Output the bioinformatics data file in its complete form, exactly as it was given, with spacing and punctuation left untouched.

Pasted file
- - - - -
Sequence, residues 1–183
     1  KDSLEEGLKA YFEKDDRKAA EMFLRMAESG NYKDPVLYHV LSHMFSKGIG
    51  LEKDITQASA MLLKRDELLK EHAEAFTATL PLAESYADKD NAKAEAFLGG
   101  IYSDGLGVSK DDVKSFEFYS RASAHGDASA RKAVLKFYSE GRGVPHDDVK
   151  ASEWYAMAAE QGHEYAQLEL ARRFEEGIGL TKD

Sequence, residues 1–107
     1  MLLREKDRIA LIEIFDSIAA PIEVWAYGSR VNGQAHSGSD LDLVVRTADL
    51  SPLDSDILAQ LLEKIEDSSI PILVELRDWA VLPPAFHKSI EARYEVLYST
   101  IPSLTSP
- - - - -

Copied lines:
Sequence, residues 1–183
     1  KDSLEEGLKA YFEKDDRKAA EMFLRMAESG NYKDPVLYHV LSHMFSKGIG
    51  LEKDITQASA MLLKRDELLK EHAEAFTATL PLAESYADKD NAKAEAFLGG
   101  IYSDGLGVSK DDVKSFEFYS RASAHGDASA RKAVLKFYSE GRGVPHDDVK
   151  ASEWYAMAAE QGHEYAQLEL ARRFEEGIGL TKD

Sequence, residues 1–107
     1  MLLREKDRIA LIEIFDSIAA PIEVWAYGSR VNGQAHSGSD LDLVVRTADL
    51  SPLDSDILAQ LLEKIEDSSI PILVELRDWA VLPPAFHKSI EARYEVLYST
   101  IPSLTSP